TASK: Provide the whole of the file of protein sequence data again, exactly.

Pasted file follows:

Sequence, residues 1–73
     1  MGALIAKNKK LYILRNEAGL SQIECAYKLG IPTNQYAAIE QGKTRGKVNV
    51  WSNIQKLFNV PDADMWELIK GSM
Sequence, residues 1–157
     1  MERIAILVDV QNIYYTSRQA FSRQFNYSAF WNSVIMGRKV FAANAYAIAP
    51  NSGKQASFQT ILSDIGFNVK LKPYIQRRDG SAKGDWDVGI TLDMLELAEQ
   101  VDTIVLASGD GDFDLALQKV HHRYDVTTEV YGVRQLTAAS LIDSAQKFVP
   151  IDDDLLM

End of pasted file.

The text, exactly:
Sequence, residues 1–73
     1  MGALIAKNKK LYILRNEAGL SQIECAYKLG IPTNQYAAIE QGKTRGKVNV
    51  WSNIQKLFNV PDADMWELIK GSM
Sequence, residues 1–157
     1  MERIAILVDV QNIYYTSRQA FSRQFNYSAF WNSVIMGRKV FAANAYAIAP
    51  NSGKQASFQT ILSDIGFNVK LKPYIQRRDG SAKGDWDVGI TLDMLELAEQ
   101  VDTIVLASGD GDFDLALQKV HHRYDVTTEV YGVRQLTAAS LIDSAQKFVP
   151  IDDDLLM